Send PolyMet to Summer School – sign the petition

We are proud to announce a new petition campaign insisting that PolyMet Mining Corp. and the responsible government agencies heed the Environmental Protection Agency and do the remedial work necessary to address serious concerns raised by the EPA in February. Sign the petition »

A Failing Grade

In February, the U.S. Environmental Protection Agency (EPA) declared that the PolyMet mine proposal presented unacceptable risks to the environment.

The EPA also said that the project should not proceed as proposed, but that the company and the responsible government agencies should do remedial work to bring it up to standards.

The “Send PolyMet to Summer School” petition simply calls for PolyMet and the agencies to do exactly what the EPA said they should. Rather than proceed to the usual next step in environmental review, they should do more work and give the public a chance to review it and offer feedback.

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What did the EPA say?

In its February 18, 2010 comments letter on the PolyMet draft Environmental Impact State (EIS), the EPA said:

“…Because of deficiencies in the Draft EIS, additional information, alternatives, and mitigation measures should be evaluated and made available for public comment in a revised or supplemental draft EIS.”

The EPA rated the PolyMet draft EIS as “Environmentally Unacceptable (EU) / Inadequate (3).” This is the most negative rating possible. According to the EPA, “Environmentally Unacceptable (EU)” is reserved for projects that have “adverse environmental impacts that are of sufficient magnitude that EPA believes the proposed action must not proceed as proposed.”

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Is this unusual?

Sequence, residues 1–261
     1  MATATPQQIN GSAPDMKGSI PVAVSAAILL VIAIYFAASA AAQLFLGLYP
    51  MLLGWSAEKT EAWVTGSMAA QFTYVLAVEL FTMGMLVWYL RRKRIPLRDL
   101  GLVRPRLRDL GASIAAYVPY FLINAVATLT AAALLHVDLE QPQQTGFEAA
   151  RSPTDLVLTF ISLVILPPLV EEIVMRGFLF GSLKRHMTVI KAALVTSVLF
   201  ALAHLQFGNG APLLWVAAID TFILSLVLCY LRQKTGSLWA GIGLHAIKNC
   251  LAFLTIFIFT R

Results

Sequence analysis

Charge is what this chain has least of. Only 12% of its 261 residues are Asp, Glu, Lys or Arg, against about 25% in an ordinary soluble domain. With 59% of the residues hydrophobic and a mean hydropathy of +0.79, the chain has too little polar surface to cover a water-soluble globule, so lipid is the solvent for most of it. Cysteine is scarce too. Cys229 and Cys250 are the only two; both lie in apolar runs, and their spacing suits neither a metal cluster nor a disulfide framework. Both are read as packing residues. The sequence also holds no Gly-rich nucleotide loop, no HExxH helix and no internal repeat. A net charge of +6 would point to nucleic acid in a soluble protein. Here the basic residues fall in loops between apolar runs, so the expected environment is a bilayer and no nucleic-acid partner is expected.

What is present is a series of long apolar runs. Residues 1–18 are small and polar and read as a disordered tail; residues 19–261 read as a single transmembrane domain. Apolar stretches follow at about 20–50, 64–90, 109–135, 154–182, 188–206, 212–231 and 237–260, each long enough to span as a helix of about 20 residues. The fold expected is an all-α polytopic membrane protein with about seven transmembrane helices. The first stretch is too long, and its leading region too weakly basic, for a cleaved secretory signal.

Yes. The rating has only been given out to 41 of the 11,834 EISes the EPA has reviewed since 1987 (0.3 percent).

What does this mean for the PolyMet DEIS?

The EPA’s comments identify a number of gaps and flaws in the analysis that must be addressed. The EPA recommends the creation of a supplemental DEIS to address gaps such as a lack of financial assurance in the DEIS, incomplete analysis of water quality impacts, a lack of environmental analysis of necessary land exchanges, inadequate mitigation and protection of important wetlands, and mercury contamination of the Lake Superior watershed. Failure to address these issues would cause the EPA to “not support the issuance of a permit for this project.”

The EPA has the authority to force higher-level review of the PolyMet proposal through two separate mechanisms. If their concerns are not met, the EPA can refer the project to the Council on Environmental Quality (CEQ), an executive agency that adjudicates environmental disputes. Second, the EPA can “elevate” the issue to higher levels of the EPA and the US Army Corps of Engineers under the Clean Water Act.

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Media coverage of EPA statement:

Participating Organizations

Lead: Friends of the Boundary Waters Wilderness

Add your name to the list! Contact greg@friends-bwca.org if you want to be included as a participating organization.

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